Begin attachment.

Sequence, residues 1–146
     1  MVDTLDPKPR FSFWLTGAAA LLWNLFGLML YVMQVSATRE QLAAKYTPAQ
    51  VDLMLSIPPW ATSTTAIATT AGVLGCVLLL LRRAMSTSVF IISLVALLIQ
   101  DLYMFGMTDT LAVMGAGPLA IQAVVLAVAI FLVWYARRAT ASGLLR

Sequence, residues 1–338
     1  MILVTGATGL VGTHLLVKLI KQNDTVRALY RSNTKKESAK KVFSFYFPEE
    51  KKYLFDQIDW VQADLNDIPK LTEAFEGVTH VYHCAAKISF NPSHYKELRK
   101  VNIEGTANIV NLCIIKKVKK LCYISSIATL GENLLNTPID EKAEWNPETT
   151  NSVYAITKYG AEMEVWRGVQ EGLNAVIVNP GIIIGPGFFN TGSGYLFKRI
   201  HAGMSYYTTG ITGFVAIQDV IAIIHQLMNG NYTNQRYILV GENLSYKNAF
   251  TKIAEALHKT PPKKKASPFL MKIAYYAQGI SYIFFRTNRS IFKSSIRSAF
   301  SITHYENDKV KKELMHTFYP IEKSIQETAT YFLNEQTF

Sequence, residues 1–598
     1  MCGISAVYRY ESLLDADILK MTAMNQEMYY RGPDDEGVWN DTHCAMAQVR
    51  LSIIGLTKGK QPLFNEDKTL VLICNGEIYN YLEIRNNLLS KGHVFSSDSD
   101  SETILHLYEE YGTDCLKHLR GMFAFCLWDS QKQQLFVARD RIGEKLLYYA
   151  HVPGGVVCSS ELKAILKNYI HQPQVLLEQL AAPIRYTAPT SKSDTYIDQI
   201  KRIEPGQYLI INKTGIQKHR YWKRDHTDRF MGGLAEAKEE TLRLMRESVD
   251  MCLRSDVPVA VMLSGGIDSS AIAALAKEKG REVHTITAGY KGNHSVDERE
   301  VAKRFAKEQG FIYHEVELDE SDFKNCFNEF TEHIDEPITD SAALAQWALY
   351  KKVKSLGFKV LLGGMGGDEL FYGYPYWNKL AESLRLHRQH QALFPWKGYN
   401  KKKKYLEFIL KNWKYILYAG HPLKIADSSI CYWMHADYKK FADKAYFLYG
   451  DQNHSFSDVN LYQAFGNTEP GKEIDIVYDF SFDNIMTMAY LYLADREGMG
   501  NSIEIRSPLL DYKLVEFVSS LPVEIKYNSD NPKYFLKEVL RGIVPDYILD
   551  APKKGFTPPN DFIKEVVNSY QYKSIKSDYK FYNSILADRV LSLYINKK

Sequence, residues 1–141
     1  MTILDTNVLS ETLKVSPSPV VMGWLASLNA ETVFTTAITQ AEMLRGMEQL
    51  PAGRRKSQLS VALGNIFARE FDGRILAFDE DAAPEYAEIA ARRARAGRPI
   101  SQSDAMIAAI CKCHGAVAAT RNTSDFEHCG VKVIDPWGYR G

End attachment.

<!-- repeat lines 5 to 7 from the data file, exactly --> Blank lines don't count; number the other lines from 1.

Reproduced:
Sequence, residues 1–338
     1  MILVTGATGL VGTHLLVKLI KQNDTVRALY RSNTKKESAK KVFSFYFPEE
    51  KKYLFDQIDW VQADLNDIPK LTEAFEGVTH VYHCAAKISF NPSHYKELRK